By Joel Warner
By Michael Roberts
By Alan Prendergast
By Michael Roberts
By Michael Roberts
By Amber Taufen
By Patricia Calhoun
By William Breathes
Antonio Martinez has some last-minute Christmas shopping to do. He buzzes through Kmart, picking out a serving bowl for his grandmother, a video game for a cousin. In Denver just for the holidays, he shivers as he steps outside. He got rid of his winter clothes when he moved west to start another life. A new life.
He's making good money at the tattoo shop. "I'm one of the two bests drawers in the city," he says. Humility has never been his strong suit.
Antonio's transition from Boom, the notorious gangbanger, to Boom, the working artist, is on ongoing process. He charges $100 an hour for his work--part of which goes to the shop's owner--and is doing well enough to complain that he needs an accountant to help figure out his quarterly taxes. He drives an economy car and is thinking about making a down payment on a house.
But every time he's feeling up, he's brought back down by thoughts of the people he left behind. His big brother, Danny, the "Bang" to his "Boom." His childhood pal Francisco Martinez, "Pancho." And Frank "Little Bang" Vigil, who was like a younger brother. He thinks about "my homie," Alejandro "Speed" Ornelas--even his cousin, Sammy "Zig Zag" Quintana, "the snitch." Thinks of where they are today--behind bars--and thinks about how they'll spend every Christmas for the rest of their lives behind bars.
He understands that they put themselves there. Long before the murders of Venus Montoya and Brandy DuVall, starting when they were boys just recruited into a gang, they made decisions that led to this consequence. It's like climbing in the car of a rollercoaster: Once the guy releases the brake, you can't get off until the end of the ride.
Except that somehow, Antonio did.
This compounds the guilt that Antonio feels. He found a way out, but "they didn't bother to think life could be better than this."
Antonio understands there has to be retribution for the deaths of the two women. It's one thing when gang members kill each other--the authorities jump on those crimes only if it fits their overall plan for attacking the gangs. But the two girls weren't gang members. They were innocent victims.
Still, the deal Sammy got for pointing the finger at Frank, at Pancho and, soon, at Danny, is tough to swallow. "It hurts my heart," he says. "It's like he's dead to me now." Sammy is the star witness for the prosecution.
"What kind of fucked-up justice system is this?" Antonio asks. "The guy who helped kill Brandy DuVall gets 16 to 96 years because he told on everybody else around? When it happened, he was just as involved...even more involved than they say my brother was. It's no wonder gangs think the system is just as corrupt as they are."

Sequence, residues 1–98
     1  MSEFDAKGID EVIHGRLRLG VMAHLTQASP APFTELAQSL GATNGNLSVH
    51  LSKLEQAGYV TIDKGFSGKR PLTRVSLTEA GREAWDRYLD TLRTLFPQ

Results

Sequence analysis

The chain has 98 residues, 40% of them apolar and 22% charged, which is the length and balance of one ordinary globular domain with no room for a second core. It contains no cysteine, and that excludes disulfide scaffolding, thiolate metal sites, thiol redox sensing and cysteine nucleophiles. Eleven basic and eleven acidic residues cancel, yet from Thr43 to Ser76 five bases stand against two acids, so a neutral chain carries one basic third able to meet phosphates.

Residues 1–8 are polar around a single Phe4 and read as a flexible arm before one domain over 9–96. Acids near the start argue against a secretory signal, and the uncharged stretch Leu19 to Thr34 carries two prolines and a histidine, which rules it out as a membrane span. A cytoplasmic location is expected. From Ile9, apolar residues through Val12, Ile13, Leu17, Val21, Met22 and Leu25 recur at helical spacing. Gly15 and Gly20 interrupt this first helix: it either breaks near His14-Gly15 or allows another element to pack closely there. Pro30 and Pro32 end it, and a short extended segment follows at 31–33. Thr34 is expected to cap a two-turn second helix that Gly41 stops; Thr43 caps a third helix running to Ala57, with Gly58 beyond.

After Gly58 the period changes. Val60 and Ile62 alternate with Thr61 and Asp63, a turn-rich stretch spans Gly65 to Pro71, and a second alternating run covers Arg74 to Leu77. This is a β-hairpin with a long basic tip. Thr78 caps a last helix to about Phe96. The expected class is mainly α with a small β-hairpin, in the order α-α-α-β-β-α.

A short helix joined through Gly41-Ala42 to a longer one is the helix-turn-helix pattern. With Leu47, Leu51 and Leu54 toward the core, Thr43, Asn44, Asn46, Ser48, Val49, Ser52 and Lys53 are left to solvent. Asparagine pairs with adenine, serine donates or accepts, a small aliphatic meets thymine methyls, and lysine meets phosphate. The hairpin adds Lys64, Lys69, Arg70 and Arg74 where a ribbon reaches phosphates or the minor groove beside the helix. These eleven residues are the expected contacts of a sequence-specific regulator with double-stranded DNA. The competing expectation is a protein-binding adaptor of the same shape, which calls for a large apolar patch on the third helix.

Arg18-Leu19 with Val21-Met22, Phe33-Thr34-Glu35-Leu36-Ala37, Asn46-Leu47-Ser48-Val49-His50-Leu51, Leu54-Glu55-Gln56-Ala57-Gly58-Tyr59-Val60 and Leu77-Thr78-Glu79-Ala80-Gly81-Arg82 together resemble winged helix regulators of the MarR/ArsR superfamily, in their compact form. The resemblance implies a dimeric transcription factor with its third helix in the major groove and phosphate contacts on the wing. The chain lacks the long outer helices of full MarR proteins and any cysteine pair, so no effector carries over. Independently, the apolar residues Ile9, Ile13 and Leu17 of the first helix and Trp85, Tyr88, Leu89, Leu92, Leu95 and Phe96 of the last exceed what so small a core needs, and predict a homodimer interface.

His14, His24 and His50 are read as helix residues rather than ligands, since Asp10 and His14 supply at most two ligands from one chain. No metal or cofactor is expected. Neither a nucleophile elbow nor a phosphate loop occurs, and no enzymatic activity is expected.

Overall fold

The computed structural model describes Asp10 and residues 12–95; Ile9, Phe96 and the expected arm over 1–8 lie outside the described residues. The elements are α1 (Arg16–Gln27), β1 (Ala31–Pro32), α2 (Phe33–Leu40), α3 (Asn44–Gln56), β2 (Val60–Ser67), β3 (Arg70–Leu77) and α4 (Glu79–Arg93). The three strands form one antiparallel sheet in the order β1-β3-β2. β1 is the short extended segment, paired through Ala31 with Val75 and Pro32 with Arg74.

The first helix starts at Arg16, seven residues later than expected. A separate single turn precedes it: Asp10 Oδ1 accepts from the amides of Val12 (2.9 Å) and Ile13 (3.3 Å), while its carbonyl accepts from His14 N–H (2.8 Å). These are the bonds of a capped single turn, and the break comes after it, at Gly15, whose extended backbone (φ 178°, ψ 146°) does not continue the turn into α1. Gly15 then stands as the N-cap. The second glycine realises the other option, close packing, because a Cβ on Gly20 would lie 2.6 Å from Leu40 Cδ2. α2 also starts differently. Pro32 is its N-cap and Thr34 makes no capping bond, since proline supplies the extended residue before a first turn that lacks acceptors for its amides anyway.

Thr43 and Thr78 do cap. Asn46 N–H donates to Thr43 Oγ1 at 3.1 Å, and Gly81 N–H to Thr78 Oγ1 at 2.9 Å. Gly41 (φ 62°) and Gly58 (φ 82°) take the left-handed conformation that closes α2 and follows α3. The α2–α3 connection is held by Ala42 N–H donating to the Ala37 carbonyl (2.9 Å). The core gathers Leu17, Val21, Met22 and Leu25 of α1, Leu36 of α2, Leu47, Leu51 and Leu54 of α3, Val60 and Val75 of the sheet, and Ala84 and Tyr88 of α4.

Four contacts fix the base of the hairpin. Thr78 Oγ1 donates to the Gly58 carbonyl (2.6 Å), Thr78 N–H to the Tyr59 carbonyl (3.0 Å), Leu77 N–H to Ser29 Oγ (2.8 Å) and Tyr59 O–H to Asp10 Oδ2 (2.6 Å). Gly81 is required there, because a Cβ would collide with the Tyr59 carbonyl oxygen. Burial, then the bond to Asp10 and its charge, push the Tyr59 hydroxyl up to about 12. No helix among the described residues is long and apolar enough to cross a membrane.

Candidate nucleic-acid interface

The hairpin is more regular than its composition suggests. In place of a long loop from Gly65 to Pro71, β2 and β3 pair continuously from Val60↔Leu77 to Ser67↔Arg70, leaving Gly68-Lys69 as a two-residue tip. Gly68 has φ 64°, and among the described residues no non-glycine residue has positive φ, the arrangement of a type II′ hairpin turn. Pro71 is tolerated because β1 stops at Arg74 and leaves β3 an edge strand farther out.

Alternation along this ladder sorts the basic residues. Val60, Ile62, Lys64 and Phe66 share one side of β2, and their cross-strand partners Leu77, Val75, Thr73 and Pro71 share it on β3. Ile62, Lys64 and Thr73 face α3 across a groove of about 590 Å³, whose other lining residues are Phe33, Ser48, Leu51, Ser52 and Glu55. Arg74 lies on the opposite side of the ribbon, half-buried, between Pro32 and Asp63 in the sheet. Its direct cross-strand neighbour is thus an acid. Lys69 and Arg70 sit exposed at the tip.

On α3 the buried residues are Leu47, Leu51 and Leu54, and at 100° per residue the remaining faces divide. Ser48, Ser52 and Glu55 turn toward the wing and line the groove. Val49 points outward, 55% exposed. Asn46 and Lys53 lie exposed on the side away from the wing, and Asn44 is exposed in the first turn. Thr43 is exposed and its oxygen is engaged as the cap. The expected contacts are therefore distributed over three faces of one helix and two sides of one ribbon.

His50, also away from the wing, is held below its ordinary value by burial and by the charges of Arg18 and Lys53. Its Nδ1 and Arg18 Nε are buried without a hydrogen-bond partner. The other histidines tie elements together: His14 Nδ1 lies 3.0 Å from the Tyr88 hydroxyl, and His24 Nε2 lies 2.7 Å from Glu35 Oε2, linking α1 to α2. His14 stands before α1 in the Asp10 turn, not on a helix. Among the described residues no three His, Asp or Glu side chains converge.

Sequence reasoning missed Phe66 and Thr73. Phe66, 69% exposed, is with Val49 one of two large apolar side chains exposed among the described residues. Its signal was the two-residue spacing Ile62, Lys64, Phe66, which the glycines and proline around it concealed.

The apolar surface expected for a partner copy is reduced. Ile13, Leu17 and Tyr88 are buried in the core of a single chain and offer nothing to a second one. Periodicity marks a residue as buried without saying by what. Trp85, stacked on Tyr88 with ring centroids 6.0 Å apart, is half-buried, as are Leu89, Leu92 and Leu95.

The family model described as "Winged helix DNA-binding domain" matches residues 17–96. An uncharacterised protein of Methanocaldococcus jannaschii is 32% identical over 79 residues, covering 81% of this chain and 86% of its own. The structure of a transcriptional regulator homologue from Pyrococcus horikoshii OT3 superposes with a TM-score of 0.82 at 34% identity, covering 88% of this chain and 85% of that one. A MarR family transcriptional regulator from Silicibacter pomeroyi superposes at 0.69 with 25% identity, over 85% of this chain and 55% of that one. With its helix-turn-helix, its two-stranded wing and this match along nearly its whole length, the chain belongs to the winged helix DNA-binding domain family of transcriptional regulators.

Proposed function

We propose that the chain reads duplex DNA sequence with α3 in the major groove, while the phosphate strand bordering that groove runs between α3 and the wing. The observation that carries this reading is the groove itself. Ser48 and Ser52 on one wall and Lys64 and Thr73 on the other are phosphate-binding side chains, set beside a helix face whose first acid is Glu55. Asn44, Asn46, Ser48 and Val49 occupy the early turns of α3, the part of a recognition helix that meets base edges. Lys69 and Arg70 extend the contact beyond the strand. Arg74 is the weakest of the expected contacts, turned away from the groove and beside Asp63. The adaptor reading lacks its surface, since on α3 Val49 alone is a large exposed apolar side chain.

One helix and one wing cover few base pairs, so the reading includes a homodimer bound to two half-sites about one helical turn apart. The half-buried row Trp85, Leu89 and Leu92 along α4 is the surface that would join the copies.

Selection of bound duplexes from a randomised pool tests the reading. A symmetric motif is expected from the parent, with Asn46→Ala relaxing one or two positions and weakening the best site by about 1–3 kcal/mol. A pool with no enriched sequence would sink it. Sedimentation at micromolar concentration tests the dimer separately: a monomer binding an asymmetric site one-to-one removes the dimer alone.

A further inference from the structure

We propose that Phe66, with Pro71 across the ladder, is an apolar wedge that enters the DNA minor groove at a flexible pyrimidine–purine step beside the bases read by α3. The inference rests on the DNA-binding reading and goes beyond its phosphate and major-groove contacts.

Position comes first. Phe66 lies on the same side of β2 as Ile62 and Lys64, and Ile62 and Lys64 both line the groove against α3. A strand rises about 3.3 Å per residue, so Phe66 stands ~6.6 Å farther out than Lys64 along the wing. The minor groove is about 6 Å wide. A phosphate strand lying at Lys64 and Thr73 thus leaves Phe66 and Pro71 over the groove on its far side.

He's angry at other members of his extended family, too, for turning their backs on Danny. When the gang was making a lot of money in the drug trade, Danny was particularly generous toward his relatives. Buying clothes and shoes for the kids. Handing out money to any relative who asked. "There weren't a lot of people standing around with their hands in their pockets," Antonio remembers. "You know what I mean? But now it's all our fault. We influenced the others, like Frankie.
"What they did, they did on their own. We were who we were."
If it weren't so serious for his brother, Antonio would laugh at the prosecution team presenting the DuVall case "like a big Godfather movie," with Danny portrayed as the capo, the boss and unquestioned leader of a large and sinister crime syndicate, the Deuce-Seven.
"I suppose there was a time a long time ago when we might have been considered 'leaders,' because we started the Deuce-Seven," he says. "And I suppose some of them little 'busters looked up to us because we had been around for so long. But that didn't make us leaders. It made us survivors."
By May 30, 1997, the Deuce-Seven was at the end of its ride--still dangerous, as the gang members proved to Brandy DuVall--but more a band of a few relatives and friends than an organized-crime empire. "By the time all of this happened," Antonio says, "there was about five or six guys that hung around together. We were all equals. We just liked doing the same things.
"It wasn't like we had rules or told people what to do."
In fact, Antonio had long since given up gangbanging and just enjoyed hanging with friends. And Danny, he says, was an alcoholic, hiding from the police because of a drug-dealing charge, with no money and little power on the streets except by reputation.
If anybody was angling to be the leader, it was Sammy, who'd joined the gang later and was still enthralled with the trappings of gangsterhood. "He wanted it so bad," Antonio says. "It was changing his whole persona. He went from this nice kid from the suburbs, the soccer star and all-city band guy, to always going to clubs and wanting to be the high-roller. He didn't need any of this--he had a good job, a girl, a nice place and a brand-new car--he wanted it."